Sprinkler Valves

Control and regulate your sprinkler system with irrigation sprinkler valves

Sprinkler Valves - Sprinkler Valves

Sprinkler valves are an integral part of your irrigation system. They control and regulate the amount of water that each watering zone receives and may be controlled manually or electrically with a timer. Sprinkler valves also can be used to turn off your system in emergencies and prepare the system for winterization. This guide will discuss the different types of valves so you can pick the one best for you.

Valve Types

When installing a sprinkler system, you will install valves that control the flow of water, as well as emergency shut-off valves. Consider size, flow control and whether a valve “bleeds” internally or externally during installing.

Beyond valve issues, when installing a new irrigation system, you need to choose a method to prevent backflow, which can taint your drinking water. While anti-siphon valves have built-in backflow prevention (also called cross-connection control), you may need or want to install additional protection.

Local laws and regulations may dictate which types of valves and backflow preventers you can or cannot (or must) use, so be sure to consult them prior to installing your sprinkler system.

Anti-siphon valves

  • Helps keep drinking water safe
  • Have built-in backflow prevention
  • Easy to install
  • Manual or electric
  • Use where sprinkler lines are under land where chemicals are consistently used
  • Available in ¾- or 1-inch sizes
  • Install at least 6 inches above highest sprinkler head

Tip: Install electric valves with automatic timers for more convenient use. Manual valves can be retrofitted with an automatic valve adapter.

In-line valves

  • Usually installed below ground
  • No built-in backflow protection; typically used with a backflow preventer
  • Protected by valve boxes
  • Group of in-line control valves (known as a manifold) provides easy access and maintenance
  • Manual or electric
  • Varieties include angle and globe valves

Emergency shut-off valves

  • Cut the water supply to all or part of the system temporarily to prevent damage or to allow for maintenance and repair
  • They may be either gate or ball valves

Drain valves

  • Located at low points on the main and lateral lines
  • Used to drain water from the system to make repairs or for winterization in colder climates

Additional Valves

  • Gate valves are economical and require multiple turns to turn off water.
  • Ball valves require only a quarter turn and provide durability for frequent use.
  • Disk and butterfly valves are other types of high-performance emergency valves.
  • Indexing valves may be required in some areas.

Valve Considerations

  • Deciding how large a valve should be depends on your system’s flow rate. ¾-inch valves are ideal for most residential applications where the flow rate is around 8-10 gpm (gallons per minute). If the flow rate exceeds 15 gpm, you should use a 1-inch valve.
  • Installing flow control will allow you to customize performance by ensuring that the right amount of water is used in each zone. If valves are activated manually, they may be done so using the manual bleed feature.
  • Valve diameter does not necessarily need to match pipe diameter.
  • Flow control helps conserve water by preventing fogging and misting.
  • External bleed valves are ideal for flushing dirt from lines during installation and repairs.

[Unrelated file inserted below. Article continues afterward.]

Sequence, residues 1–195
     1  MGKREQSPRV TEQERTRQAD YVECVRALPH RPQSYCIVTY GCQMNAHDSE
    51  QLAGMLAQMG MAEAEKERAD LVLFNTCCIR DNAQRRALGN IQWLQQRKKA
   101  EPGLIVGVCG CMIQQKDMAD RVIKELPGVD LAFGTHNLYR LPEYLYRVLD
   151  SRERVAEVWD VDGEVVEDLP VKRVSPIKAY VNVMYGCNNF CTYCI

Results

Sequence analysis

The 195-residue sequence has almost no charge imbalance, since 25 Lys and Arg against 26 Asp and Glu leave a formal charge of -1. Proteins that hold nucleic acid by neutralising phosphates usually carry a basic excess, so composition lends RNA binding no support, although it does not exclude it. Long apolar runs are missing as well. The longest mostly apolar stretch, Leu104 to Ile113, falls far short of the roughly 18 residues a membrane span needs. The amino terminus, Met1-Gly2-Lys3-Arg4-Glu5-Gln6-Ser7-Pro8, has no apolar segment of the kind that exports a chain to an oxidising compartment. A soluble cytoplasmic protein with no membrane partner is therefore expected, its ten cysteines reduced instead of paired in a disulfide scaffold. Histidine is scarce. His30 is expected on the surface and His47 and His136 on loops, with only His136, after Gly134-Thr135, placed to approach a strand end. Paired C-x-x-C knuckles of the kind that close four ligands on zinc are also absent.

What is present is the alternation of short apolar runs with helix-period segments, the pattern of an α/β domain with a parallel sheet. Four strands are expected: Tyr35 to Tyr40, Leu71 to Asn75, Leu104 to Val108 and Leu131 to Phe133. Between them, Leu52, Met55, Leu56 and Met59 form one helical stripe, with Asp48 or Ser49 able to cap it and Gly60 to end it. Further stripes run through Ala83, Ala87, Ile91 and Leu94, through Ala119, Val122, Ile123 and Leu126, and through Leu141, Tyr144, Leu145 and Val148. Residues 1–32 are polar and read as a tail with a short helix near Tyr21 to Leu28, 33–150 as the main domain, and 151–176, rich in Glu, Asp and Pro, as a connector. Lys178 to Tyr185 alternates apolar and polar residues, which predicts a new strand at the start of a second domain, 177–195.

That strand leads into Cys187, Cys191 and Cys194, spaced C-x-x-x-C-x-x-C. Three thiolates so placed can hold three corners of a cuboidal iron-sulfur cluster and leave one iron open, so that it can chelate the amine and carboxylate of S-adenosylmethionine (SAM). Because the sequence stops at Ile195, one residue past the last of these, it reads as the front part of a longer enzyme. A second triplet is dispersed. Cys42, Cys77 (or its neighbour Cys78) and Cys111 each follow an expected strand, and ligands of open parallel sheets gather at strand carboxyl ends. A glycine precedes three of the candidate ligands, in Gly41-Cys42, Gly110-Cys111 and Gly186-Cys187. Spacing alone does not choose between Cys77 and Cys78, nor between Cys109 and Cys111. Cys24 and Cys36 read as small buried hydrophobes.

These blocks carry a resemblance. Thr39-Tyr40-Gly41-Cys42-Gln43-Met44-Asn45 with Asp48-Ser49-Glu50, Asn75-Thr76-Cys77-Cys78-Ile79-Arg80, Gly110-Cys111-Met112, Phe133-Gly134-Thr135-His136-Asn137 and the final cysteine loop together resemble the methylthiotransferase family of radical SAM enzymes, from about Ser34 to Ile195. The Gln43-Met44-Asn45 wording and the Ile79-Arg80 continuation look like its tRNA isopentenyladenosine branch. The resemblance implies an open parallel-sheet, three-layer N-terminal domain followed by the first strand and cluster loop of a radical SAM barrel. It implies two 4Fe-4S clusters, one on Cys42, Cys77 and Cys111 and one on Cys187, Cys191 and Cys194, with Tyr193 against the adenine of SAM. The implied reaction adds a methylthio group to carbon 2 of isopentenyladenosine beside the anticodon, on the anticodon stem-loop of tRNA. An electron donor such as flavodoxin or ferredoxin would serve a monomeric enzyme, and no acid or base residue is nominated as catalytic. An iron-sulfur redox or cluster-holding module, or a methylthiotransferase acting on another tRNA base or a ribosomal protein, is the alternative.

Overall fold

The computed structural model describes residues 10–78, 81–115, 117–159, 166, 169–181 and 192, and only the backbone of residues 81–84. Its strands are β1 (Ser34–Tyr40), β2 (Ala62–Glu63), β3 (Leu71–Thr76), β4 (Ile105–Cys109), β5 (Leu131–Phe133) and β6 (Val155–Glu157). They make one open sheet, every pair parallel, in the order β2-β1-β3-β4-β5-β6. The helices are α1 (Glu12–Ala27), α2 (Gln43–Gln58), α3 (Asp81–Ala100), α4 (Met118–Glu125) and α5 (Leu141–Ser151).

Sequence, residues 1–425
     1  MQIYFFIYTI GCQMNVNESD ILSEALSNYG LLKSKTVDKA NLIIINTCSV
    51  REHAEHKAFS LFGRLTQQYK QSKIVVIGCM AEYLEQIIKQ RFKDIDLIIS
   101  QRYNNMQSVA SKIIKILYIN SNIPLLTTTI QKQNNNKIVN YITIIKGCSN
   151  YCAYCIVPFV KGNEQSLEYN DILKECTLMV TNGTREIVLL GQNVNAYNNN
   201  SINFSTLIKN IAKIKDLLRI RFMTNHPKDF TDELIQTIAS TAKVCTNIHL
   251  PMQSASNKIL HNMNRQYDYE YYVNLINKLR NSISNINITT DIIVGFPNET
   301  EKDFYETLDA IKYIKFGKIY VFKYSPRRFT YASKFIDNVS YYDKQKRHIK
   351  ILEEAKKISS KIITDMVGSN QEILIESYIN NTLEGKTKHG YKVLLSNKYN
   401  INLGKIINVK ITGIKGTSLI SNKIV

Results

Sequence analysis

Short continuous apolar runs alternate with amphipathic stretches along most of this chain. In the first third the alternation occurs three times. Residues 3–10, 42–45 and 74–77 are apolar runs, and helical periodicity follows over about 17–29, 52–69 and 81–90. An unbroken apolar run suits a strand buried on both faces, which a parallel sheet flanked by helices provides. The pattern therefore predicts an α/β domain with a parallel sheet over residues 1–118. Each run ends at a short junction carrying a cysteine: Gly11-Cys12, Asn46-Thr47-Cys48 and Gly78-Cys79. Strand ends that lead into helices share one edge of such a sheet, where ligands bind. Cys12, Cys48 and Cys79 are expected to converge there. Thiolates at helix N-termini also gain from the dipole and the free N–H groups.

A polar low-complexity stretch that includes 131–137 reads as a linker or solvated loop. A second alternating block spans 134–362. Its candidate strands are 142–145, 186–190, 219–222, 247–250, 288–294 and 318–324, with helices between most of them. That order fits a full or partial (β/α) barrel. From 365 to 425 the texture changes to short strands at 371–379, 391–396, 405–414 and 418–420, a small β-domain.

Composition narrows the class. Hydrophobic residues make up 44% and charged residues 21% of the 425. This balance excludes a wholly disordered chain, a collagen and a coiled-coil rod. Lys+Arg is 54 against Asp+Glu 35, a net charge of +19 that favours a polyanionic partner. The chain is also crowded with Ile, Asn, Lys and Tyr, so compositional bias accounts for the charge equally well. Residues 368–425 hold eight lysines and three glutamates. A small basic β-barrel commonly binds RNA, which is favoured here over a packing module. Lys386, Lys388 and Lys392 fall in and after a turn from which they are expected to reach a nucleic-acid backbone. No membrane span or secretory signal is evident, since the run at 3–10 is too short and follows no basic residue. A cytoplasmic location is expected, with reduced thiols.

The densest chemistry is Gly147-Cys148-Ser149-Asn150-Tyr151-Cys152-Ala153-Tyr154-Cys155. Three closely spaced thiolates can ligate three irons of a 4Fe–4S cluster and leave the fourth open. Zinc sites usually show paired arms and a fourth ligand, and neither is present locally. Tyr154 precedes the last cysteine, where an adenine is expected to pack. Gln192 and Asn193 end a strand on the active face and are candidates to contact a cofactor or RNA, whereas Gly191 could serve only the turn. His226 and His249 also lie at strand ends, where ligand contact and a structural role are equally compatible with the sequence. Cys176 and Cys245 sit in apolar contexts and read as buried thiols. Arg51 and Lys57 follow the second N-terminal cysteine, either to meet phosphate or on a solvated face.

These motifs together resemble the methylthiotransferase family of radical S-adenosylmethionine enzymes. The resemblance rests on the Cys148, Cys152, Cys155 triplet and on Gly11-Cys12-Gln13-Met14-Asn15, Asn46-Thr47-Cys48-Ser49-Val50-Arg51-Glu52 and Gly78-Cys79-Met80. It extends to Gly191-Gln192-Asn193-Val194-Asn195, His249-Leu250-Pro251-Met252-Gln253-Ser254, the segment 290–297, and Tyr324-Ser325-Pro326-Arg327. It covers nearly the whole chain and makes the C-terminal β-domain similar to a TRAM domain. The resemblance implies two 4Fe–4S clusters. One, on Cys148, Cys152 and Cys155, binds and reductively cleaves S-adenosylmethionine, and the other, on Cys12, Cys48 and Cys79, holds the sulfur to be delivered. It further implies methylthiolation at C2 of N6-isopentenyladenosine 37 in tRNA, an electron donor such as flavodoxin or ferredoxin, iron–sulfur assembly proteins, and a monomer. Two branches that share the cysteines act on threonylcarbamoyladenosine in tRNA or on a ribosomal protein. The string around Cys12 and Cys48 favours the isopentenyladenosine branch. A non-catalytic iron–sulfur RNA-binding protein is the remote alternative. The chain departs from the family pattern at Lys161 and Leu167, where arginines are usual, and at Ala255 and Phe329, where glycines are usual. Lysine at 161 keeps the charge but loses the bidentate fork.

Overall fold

• Internal bleed valves vent water to the downstream side to prevent water from leaking.

Backflow Preventers & Other Features

When sprinkler heads operate, they sometimes create a vacuum that can cause water that has already been expelled to be sucked back in. This water, which may have picked up chemicals from pesticides, fertilizers and other lawn products, can filter back into your drinking water and cause illness.

Backflow may be caused by pressure generated by equipment (pressure backflow) or pressure exerted upon water (back siphonage). Backflow preventers stop this from happening and, in many cases, are required by local codes and regulations.

Atmospheric Vacuum Breaker (AVB)

  • Opens a vent that allows air into the system to prevent siphoning
  • Installs between the circuit valve and delivery device
  • Most economical
  • Must be installed above ground
  • One AVB must be installed for each control valve

Double Check Backflow Preventer

  • Uses two spring-loaded, independently operating check valves to block backflow if water pressure temporarily drops
  • Prevents back siphonage
  • May be required in some areas
  • May be installed underground
  • Protects against pollutants but may not protect against contaminants

Pressure Vacuum Breaker (PVB)

  • Installs on the pressure side of emergency shutoff valve to prevent back siphonage
  • Must be install prior to installing valves
  • May not be suitable for drip irrigation systems
  • Local regulations may prevent usage

Reduced Pressure Backflow Preventer (RP)

  • Features two check valves and a pressure differential relief valve that operates automatically
  • Installs between two emergency shutoff valves
  • Prevents back siphonage and pressure backflow
  • Requires larger upfront investment
  • Highly effective and efficient
  • Must be installed above ground

Optional Features:

Built-In Pressure Regulators: Valves with pressure regulators control the pressure level directly, rather than relying on a system regulator that may be too far away to effectively regulate pressure at far ends of the line.

Molded Bolt: Valves with the stud part of a bolt molded to their bodies will not fall off when removing the nut, meaning you won’t accidentally lose it in the wet, muddy ground nearby.

Internal Scrubbers: If you draw water from a pond or irrigation ditch, look for valves with scrubbers that automatically remove algae to prevent buildup from blocking the opening.